How Scientists Determine the Age of Ancient Artifacts

The approximate age of ancient artifacts can be determined as long as the artifact is not older than 50,000 years. It’s a technique called carbon-14 dating. All organisms that live on the Earth are based on carbon. This would be wood, plants, animals and of course humans.  

There are three different isotopes of carbon, C-12, C-13, which are stable, and C-14. Carbon-14 is used for dating because it is radioactive and considered unstable. It will decay, or emit radiation, over a long period of time at a near consistent rate. The rate of decay, which can be measured, is 5,730 years equals one half-life.  

Carbon-14, described by Argonne National Laboratory, is produced in Earth’s atmosphere when N-14, Nitrogen, from New World Encyclopedia, atoms are bombarded by cosmic rays from space. They collide with the N-14 atoms and convert them into C-14 atoms. This collision changes a proton into a neutron. The C-14 then combines with oxygen to form carbon dioxide, CO-2. This is then absorbed by plants and animals.  

All living things are replacing their carbon-14 as they continue living. Once they die the dating process begins. The radioactive carbon-14 begins to decay. It is very difficult to date organisms less than 1,000 years old because there is too much carbon-14 present. The same problem happens on the other end of the spectrum when an organism is older then 50,000 years, when there is not enough carbon-14 to measure.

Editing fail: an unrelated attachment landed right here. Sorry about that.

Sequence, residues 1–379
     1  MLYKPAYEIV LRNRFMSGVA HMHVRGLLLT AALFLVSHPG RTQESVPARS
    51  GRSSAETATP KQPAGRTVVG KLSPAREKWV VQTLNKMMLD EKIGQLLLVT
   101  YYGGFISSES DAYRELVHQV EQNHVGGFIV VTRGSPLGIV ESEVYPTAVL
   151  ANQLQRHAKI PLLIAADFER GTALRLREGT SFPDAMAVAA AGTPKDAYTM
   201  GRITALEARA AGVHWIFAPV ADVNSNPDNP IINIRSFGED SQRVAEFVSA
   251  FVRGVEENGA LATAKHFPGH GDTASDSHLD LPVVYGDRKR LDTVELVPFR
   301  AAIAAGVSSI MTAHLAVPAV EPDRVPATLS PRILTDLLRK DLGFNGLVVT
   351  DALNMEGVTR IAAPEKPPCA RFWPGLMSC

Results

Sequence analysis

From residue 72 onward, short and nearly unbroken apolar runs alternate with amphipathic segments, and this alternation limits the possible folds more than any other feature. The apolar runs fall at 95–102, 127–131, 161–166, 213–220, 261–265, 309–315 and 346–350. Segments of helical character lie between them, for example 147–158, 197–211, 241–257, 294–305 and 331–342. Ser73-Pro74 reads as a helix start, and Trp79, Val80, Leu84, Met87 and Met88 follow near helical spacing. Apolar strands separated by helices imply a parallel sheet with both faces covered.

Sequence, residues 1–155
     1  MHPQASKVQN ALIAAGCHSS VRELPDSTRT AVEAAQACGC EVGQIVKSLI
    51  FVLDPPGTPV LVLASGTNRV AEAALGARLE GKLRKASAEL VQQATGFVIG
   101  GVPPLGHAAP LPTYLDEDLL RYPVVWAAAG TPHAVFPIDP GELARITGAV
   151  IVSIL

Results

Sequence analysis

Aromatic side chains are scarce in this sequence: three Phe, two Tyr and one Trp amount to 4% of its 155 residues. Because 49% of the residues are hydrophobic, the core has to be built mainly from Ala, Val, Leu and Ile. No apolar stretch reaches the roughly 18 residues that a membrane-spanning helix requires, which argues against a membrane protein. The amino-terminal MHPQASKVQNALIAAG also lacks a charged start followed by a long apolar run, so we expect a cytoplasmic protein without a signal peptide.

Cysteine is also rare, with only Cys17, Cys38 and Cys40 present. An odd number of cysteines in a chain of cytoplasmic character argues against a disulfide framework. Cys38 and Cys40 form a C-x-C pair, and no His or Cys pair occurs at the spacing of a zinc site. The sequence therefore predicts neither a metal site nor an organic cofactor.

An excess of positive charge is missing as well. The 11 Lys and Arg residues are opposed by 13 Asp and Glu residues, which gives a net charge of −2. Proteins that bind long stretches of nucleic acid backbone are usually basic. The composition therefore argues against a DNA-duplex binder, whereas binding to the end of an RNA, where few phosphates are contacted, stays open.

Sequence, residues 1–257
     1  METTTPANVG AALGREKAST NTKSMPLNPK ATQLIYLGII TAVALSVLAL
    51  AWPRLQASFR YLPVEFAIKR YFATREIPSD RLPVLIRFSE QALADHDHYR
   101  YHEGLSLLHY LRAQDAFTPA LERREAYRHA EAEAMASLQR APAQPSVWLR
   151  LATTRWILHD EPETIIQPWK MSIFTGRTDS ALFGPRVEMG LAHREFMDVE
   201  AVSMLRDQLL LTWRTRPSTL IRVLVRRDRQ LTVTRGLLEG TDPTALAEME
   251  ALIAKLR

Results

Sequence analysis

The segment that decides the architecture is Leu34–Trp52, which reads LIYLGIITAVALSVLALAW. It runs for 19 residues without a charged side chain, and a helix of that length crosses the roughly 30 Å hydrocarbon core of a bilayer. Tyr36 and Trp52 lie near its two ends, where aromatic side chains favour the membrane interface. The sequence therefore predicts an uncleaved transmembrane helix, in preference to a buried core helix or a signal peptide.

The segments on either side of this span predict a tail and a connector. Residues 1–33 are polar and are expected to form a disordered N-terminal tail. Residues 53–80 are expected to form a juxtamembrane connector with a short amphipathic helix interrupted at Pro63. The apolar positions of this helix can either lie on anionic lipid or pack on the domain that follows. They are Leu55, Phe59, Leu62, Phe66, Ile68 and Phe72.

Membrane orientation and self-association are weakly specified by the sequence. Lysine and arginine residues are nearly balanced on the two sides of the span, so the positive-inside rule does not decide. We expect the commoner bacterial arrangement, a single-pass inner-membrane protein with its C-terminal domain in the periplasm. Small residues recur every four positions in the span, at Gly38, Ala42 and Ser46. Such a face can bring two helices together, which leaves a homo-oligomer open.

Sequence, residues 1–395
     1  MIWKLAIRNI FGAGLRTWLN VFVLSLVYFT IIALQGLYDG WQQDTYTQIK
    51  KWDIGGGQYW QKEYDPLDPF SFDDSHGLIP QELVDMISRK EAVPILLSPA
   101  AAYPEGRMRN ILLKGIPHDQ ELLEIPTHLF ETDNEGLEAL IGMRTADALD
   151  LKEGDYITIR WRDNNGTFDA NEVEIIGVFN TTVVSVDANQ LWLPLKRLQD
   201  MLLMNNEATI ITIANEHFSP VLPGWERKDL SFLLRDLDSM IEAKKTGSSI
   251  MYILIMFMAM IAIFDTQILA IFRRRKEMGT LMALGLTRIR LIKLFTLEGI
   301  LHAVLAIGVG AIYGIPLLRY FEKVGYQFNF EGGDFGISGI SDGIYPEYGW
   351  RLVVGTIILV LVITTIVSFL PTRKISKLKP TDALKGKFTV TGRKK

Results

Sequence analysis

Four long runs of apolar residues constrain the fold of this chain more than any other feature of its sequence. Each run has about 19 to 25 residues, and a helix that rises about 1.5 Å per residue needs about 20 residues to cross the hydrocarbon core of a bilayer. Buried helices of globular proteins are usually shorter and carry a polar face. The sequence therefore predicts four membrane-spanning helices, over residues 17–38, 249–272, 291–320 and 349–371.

Accelerated Mass Spectrometry (AMS) as explained by, was started by J.J. Thomson, from Nobel, in 1897. “At first there were very few who believed in the existence of these bodies smaller than atoms. I was even told long afterwards by a distinguished physicist who had been present at my (1897) lecture at the Royal Institution that he thought I had been, ‘pulling their legs.” This by  

Beginning in the early 1900’s, mass spectrometry has been used to calculate the age of organisms using the carbon-14 isotope. Ions are accelerated in a field of millions of volts and smash through a gas or carbon foil. These ions then come to a stop in a gas ionization detector. Ion identity is determined by how fast they slow down.  

Carbon-14 slows down faster than a nitrogen-14 isotope of the same mass. The AMS is a million times better at detecting the ratio of isotopes, by Colorado Edu,  than by conventional means. It’s this ratio that determines the age of the item tested. The AMS can recognize one carbon-14 isotope among a quadrillion different carbon atoms.  

Dinosaur fossils, by All About Creation, cannot be age tested using the carbon-14 method because they are millions of years old. To determine their age the isotope’s from uranium-238, uranium-235 and potassium-40 are used. They all have a half-life of more than a million years.  

Dinosaur fossils are found in sedimentary rock. The isotope’s needed to determine age are rarely found in sedimentary rock. Those isotopes are found in igneous rock made from cooled magma. No fossils are found in igneous rock because when it forms it would be too hot and destroy the bones. Scientists study neighboring layers of sedimentary rock that was formed at approximately the same time as the igneous rock. This gives them an approximate age of the fossil.  

Using this method, scientists estimate the Earth is about 4.5 billion years old, USGS. Moon rocks are the same age lending weight to the theory that the Earth and Moon formed at the same time.